Our test lab got hold of two first processors from this list. Besides, the company will ship another two models: Phenom II X4 805 2.5GHz and Phenom II X4 910 2.6GHz. But they will officially come as OEM only. As we already mentioned, all processors support both DDR2 and DDR3 memory, so they can be installed on motherboards with Socket AM2+, some models with Socket AM2 (they will need an updated BIOS) and future Socket AM3. TDP has been reduced to 95 W, and the allowable temperature inside a PC enclosure has been raised from 60°C to 71-73°C (processor cores can certainly endure much higher temperatures). You may think that this parameter is of interest only to engineers who design systems that should work in hot environments. But in fact, the higher the allowable limit, the lower speed is required from a cooler to maintain acceptable temperatures. So we can only welcome higher temperature limits. But as we already mentioned, low heating and thus a barely warm heatsink as well as low operating temperatures of the core seem to have become characteristics features of Phenom II. These properties are typical even of processors with TDP=125 W. And our processors under review demonstrate even lower appetites. So you may want to test processors in these extreme temperature conditions only if you like semi-passive cooling systems or if you are into hardcore overclocking of air-cooled systems. For such users we shall publish a separate article devoted to thermo-economic issues of Phenom II processors in various modes with several coolers.

Platform

Taking into account modern tendencies to examine processors in the platform context, we publish links to reviews of previously tested motherboards and chipsets that support these processors. Just as examples of what functions you may get and how much it will cost you.


Motherboard Chipset  
ECS A740GM-A AMD 740G $50
ECS GF8200A NVIDIA GeForce 8200 $74
ASUS M3N-H/HDMI NVIDIA GeForce 8300 $94
ASRock A770CrossFire AMD 770 $74
Gigabyte MA78GM-S2H AMD 780G $90
Gigabyte MA78G-DS3H AMD 780G $101
MSI K9A2 CF AMD 790X $98
ASUS M3N-HT Deluxe/Mempipe NVIDIA nForce 780a $192
ASUS M3A78-T AMD 790GX $159
Foxconn A7DA-S AMD 790GX $142
MSI DKA790GX AMD 790GX $172
Gigabyte MA790GP-DS4H AMD 790GX $162

Indeed, it's easy to find a motherboard for a budget or a top-notch computer owing to compatibility with existing motherboards. We are pleased to note that motherboard manufacturers were ready now, as lists of compatible motherboards (and BIOS) appeared on official web sites long before the rollout of the new processors. These lists will certainly grow, which is excellent news for owners of good motherboards, who just need to upgrade their processors. Besides, along with launching new products supporting DDR3 memory, the biggest manufacturers are also going to update their product lines for DDR2 memory. They expect that popularity of motherboards with Socket AM2+ will grow soon, as the Phenom II family is expanding.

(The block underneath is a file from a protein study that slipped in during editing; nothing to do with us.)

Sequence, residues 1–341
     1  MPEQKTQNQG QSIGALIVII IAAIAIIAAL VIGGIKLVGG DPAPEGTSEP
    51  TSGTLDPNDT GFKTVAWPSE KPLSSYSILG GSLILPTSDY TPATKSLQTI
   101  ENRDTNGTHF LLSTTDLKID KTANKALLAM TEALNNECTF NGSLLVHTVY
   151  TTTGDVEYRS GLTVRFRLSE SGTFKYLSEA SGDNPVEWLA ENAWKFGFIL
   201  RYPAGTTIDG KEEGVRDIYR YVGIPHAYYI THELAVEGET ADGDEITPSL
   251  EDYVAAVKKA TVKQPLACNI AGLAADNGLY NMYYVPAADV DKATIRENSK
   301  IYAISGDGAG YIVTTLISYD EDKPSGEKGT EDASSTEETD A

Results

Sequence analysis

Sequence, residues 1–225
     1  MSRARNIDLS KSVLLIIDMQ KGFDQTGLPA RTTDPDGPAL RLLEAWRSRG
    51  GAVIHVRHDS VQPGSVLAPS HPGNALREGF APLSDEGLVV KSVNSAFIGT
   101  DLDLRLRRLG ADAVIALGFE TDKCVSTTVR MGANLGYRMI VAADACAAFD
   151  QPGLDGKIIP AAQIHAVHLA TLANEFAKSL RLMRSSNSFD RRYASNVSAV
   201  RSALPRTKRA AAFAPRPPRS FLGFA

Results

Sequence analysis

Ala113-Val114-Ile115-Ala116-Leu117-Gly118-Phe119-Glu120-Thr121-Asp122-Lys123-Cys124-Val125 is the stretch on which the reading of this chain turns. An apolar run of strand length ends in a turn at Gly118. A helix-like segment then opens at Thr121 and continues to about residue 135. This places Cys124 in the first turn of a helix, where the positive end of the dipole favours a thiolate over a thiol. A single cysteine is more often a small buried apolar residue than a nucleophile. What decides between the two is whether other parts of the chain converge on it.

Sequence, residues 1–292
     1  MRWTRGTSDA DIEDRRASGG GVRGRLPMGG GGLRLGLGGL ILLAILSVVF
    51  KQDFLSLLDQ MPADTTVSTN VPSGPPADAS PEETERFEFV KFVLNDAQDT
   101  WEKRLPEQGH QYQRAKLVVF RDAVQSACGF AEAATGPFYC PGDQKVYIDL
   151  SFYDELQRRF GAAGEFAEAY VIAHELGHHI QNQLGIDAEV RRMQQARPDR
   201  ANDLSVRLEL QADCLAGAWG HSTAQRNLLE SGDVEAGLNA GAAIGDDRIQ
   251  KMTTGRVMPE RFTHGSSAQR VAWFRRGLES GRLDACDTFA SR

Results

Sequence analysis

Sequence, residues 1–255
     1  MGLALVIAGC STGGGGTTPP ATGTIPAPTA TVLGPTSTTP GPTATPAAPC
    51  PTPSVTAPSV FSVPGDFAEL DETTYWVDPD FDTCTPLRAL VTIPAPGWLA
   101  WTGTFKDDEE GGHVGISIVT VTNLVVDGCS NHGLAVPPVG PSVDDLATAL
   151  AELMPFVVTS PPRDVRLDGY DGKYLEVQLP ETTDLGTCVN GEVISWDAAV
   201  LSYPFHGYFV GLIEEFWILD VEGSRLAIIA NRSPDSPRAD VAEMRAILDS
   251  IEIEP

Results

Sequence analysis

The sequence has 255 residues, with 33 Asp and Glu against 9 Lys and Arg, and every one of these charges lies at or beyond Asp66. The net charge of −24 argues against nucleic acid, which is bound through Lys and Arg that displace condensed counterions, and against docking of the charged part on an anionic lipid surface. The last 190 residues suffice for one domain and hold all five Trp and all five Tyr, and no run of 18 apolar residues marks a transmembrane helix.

Testbed configurations


Processor Core 2 Duo E8200 Core 2 Quad Q6600 Core 2 Quad Q8200 Core 2 Quad Q9300 Phenom II X3 720 Phenom II X4 810 Phenom II X4 920
Core name Wolfdale Kentsfield Yorkfield Yorkfield Deneb Deneb Deneb
Process technology, nm 45 65 45 45 45 45 45
Core clock, GHz 2.66 2.4 2.33 2.5 2.8 2.6 2.8
Number of cores 2 4 4 4 3 4 4
L1 cache, I/D, KB 32/32 32/32 32/32 32/32 64/64 64/64 64/64
L2 Cache, KB 6144 2 x 4096 2 x 2048 2 x 3072 3 x 512 4 x 512 4 x 512
L3 cache, KB - - - - 6144 4096 6144
Memory (*) - - - - DDR2-1066/ DDR3-1333 DDR2-1066/ DDR3-1333 DDR2-1066
Multiplier 8 9 7 7.5 14 (**) 13 14
Socket LGA775 LGA775 LGA775 LGA775 AM2+/AM3 AM2+/AM3 AM2+
TDP, W 65 95 95 95 95 95 125

(*) The maximum frequency supported by CPU memory controller. You can choose a lower frequency, if it's supported by the given memory standard (for example, DDR2-667 and DDR2-800 for processors supporting DDR2-1066). Frequency and memory type of LGA775 processors are detected by the chipset.
(**) Unlocked so that users could increase it for overclocking.


Processor Motherboard Memory (real frequency in tests)
Phenom II Gigabyte MA790GP-DS4H (790GX) Corsair CM2X2048-8500C5D (DDR2-1066)
Core 2 (all processors except for the Q8200) ASUS Maximus Extreme (X38) Corsair CM3X1024-1800C7DIN (DDR3-1333)
Core 2 Quad Q8200 ASUS P5Q Deluxe (P45) Corsair CM2X2048-8500C5D (DDR2-1066)

  • Memory installed: 4 GB
  • HDD: Samsung HD401LJ (SATA-2)
  • Coolers: Thermaltake TMG i1, Zalman CNPS 9700 AM2
  • PSU: Cooler Master RS-A00-EMBA

As you can see, we've tested our Phenom II processors on a Socket AM2+ motherboard only with DDR2 memory so far. DDR3 tests will be performed later. Besides, for technical reasons we tested Core 2 Q8200 on a different LGA775 testbed. It's probably for the better -- this processor will hardly be used on a motherboard with the X38 chipset. And we already had an opportunity to illustrate minimal advantage of DDR3 memory even for top Core 2 processors. In this case data exchange is limited by FSB bus performance. The choice of a rival for Phenom II X3 720 is apparent -- it's a dual-core processor from Intel in the similar price range. What concerns Phenom II X4 810, it can be compared not only with its direct competitor Q8200, but also with the Q6600, which is still available in stores. This processor has a similar price, but its clock rate is a bit higher, and it has a larger cache, while the Q8200 offers only 1333MHz FSB (versus 1066MHz) and Yorkfield optimizations. We also decided to add results of Phenom II X4 920, which was launched together with the 940 processor and is already available in stores.


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Page 2: Tests

Page 3: More tests

Page 4: Conclusions